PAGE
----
This contract in its general form is the pillar of Islamic finance in that it is primarily based on profit-and-loss sharing (PLS). It has the flexibility that enables it to be used for a wide variety of economic activities, from industry (as equity participation), to construction (as civil partnerships and installment sales), to farming (as Mozara’ah), to plantation (as Mosa’qaat), and finally to trade (as Mudarabah).

Equity Participation

In this contract, the Islamic bank supplies part of the capital required to establish a new joint-stock company or to purchase shares in an existing company…

The project has to be both economically and socially justified and in accordance with the country’s general economic priorities. The bank’s participation will be contingent on its 48 receiving satisfactory results from its initial studies of the proposed project. Such investigations will include the following :

(1)Economic considerations: The effects of the project have to be directed toward increased employment, a reduction in general price levels, a more equitable distribution of income and wealth, an increase in general social welfare, and the creation of secondary and downstream industries. The bank will also consider such things as total outlay and the proportion of that taken up by fixed and variable costs. Average and marginal costs at different capacity levels are important aspects. An efficiency – equity trade-off has to be made and compared with other countries, without losing sight of social considerations.

(2) Technical considerations: There will include the best mode of operation in light of the available infrastructure, skills, machinery, and equipment; the location of the project and any special incentives for investing in the region; the rules and regulations governing its operations; and a host of other considerations that directly and/or indirectly affect the feasibility of the project. A timetable for both physical progress and expenses at different stages of the implementation process is vitally important.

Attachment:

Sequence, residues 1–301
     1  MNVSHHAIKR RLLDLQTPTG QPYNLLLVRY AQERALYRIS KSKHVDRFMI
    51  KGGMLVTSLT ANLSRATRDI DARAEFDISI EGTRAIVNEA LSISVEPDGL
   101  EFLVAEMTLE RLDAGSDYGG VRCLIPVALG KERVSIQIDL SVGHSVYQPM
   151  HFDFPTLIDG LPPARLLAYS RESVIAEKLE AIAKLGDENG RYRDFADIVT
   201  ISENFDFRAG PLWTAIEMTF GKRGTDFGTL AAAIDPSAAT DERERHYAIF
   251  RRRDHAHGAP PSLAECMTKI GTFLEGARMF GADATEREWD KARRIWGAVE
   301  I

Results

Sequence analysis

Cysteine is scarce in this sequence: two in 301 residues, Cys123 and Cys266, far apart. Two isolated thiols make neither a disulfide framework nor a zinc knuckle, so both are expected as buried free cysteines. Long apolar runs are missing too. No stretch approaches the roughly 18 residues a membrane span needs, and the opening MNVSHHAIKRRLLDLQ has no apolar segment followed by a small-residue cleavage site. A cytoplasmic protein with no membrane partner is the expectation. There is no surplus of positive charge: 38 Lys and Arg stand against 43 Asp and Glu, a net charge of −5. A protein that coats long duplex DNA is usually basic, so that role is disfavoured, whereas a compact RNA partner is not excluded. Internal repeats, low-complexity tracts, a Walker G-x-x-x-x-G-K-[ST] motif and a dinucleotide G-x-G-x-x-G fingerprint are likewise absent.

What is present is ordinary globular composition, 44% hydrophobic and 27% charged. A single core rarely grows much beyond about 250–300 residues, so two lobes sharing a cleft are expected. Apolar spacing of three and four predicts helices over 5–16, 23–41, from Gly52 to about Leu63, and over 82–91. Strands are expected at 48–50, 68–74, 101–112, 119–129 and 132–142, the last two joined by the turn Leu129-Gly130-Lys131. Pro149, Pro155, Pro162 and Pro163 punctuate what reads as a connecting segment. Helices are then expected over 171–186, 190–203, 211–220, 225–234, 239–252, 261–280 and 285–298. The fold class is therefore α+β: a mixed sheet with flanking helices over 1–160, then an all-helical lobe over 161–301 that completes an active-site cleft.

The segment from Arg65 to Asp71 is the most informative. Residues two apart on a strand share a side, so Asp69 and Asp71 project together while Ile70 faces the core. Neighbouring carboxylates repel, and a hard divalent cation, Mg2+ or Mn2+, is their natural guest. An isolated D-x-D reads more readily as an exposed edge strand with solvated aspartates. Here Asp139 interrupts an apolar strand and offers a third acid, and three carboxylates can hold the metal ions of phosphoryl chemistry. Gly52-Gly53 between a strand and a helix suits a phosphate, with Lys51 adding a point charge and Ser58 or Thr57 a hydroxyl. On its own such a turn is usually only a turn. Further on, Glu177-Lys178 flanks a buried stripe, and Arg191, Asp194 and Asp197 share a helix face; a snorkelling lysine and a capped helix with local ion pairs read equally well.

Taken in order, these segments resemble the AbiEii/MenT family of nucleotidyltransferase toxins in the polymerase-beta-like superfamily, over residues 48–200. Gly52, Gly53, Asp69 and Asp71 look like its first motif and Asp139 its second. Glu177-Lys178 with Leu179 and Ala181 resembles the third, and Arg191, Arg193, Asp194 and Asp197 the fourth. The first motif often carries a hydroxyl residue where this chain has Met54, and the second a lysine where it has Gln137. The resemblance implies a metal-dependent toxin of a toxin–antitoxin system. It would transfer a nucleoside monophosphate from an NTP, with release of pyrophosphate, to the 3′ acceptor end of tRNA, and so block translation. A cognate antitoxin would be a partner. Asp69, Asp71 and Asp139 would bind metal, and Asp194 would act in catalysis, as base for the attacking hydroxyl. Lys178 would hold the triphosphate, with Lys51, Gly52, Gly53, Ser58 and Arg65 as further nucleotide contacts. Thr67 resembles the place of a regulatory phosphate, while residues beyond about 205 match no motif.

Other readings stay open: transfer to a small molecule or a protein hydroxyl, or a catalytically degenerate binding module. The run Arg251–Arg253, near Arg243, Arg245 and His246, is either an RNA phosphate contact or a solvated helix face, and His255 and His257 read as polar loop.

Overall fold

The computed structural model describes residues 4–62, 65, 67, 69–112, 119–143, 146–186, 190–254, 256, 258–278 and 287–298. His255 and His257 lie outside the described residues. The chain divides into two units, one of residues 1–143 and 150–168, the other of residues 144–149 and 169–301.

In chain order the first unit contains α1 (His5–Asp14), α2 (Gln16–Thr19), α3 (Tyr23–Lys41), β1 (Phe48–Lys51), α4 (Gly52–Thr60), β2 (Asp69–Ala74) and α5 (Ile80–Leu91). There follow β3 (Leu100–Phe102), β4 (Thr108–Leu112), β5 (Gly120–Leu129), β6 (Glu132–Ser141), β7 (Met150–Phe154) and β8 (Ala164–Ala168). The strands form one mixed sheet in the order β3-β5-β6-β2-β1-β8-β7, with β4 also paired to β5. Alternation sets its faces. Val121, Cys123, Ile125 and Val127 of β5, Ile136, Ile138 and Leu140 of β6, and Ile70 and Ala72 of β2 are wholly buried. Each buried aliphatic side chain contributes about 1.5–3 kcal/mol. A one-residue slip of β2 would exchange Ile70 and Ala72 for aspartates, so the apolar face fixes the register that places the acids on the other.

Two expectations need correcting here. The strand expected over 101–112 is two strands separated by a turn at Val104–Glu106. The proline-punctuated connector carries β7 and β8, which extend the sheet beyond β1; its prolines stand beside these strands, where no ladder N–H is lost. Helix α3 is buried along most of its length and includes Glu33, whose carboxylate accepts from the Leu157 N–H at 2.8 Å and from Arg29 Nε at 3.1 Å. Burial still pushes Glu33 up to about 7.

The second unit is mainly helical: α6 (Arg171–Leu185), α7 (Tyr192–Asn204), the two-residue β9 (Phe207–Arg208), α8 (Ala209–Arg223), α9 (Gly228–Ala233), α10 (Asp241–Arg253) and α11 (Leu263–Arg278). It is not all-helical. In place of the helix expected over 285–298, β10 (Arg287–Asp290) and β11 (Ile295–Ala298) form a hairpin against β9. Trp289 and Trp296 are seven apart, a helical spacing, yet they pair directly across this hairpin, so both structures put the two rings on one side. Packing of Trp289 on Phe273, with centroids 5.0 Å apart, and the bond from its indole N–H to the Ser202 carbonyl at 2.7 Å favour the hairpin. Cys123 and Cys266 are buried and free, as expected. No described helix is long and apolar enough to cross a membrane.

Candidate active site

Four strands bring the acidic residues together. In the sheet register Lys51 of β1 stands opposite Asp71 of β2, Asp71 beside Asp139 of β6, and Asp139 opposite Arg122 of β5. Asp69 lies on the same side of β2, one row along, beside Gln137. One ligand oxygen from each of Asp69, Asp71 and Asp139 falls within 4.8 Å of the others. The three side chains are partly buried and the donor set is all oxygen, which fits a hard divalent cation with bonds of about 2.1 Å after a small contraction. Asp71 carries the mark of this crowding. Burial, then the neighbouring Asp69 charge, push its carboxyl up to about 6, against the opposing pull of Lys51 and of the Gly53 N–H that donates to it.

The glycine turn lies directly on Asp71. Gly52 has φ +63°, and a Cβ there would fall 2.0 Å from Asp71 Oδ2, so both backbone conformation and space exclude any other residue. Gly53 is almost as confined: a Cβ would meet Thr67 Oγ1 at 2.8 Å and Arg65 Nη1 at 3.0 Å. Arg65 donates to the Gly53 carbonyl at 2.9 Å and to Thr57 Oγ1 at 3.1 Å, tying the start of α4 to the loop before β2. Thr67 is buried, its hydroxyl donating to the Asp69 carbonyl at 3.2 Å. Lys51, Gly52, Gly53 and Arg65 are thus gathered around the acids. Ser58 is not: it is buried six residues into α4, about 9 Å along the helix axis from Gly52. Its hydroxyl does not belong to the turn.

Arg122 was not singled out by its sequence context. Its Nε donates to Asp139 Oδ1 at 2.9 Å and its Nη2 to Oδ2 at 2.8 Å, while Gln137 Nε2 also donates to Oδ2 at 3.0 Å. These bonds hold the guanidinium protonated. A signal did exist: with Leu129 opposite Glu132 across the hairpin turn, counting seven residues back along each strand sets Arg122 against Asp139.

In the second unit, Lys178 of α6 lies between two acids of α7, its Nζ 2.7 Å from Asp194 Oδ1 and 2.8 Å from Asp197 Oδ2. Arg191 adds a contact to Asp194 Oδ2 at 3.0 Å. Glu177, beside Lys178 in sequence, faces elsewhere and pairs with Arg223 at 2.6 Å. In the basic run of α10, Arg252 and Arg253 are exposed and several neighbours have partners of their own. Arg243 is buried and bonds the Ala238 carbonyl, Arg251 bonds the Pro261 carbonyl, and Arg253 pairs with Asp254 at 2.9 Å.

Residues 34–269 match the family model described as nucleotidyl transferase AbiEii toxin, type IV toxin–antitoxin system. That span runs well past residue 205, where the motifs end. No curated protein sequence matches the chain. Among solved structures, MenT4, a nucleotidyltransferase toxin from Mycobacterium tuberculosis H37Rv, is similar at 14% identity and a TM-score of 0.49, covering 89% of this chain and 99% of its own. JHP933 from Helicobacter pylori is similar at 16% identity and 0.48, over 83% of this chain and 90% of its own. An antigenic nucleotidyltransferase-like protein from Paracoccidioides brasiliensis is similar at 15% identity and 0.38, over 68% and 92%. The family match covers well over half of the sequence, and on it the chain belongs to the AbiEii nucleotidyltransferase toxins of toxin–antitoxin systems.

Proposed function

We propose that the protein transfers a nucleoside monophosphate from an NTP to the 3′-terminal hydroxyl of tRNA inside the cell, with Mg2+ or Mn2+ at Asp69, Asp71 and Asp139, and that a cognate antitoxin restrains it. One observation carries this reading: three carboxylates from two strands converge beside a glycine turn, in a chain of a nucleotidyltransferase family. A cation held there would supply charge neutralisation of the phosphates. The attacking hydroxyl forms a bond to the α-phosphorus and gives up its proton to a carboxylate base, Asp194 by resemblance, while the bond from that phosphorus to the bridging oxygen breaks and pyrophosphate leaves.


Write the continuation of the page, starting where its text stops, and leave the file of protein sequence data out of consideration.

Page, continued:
(3) Financial Study and Forecasts: These are often being undertaken in parallel with economic considerations and are mostly concerned with whether the project is useful and viable from the standpoint of the rate of return on capital and profitability. Data needed here include all production costs, domestic and foreign demand, foreign exchange rates, and the tariffs imposed by the importing countries…

Risk has to be taken into consideration in any investment decision-making process. The client would definitely be happier when risk is low but the proportionate rate of return is high. High risk is considered to be a deterrent as far as investors are concerned. But what happens when the project is both viable and badly needed, but the risks involved are high? The state-owned Islamic bank has the central role to play here. The potential investor’s expected rate of return has to take into account the risk factor by compensating the risk-premium of the investor. Our recommendation in such cases would be to increase the relative profit share of the investor to that of the bank. Once these matters have been agreed, a timetable has to be drawn up for the operation of the project at various stages and arrangements put in place for close and regular supervision to ensure that the project is on schedule, both physically and financially.


Source: Prof. Iraj Toutounchian, Thoughts from Iraj Toutounchian’s Islamic Money & Banking: Narrated by Camille Paldi. Republished with permission.
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